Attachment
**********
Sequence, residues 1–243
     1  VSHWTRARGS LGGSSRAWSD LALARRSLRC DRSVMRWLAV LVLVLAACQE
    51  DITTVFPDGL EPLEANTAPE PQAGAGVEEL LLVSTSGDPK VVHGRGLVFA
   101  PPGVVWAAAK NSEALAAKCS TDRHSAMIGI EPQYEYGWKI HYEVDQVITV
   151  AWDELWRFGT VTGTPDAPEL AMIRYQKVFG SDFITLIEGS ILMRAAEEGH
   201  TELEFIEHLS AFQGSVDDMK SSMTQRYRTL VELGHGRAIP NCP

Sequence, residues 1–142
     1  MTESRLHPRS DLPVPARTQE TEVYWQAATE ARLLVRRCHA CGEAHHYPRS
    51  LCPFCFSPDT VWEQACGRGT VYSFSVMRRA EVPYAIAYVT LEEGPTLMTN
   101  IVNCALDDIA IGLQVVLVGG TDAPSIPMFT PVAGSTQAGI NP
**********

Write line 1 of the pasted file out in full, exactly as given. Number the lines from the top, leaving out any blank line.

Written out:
Sequence, residues 1–243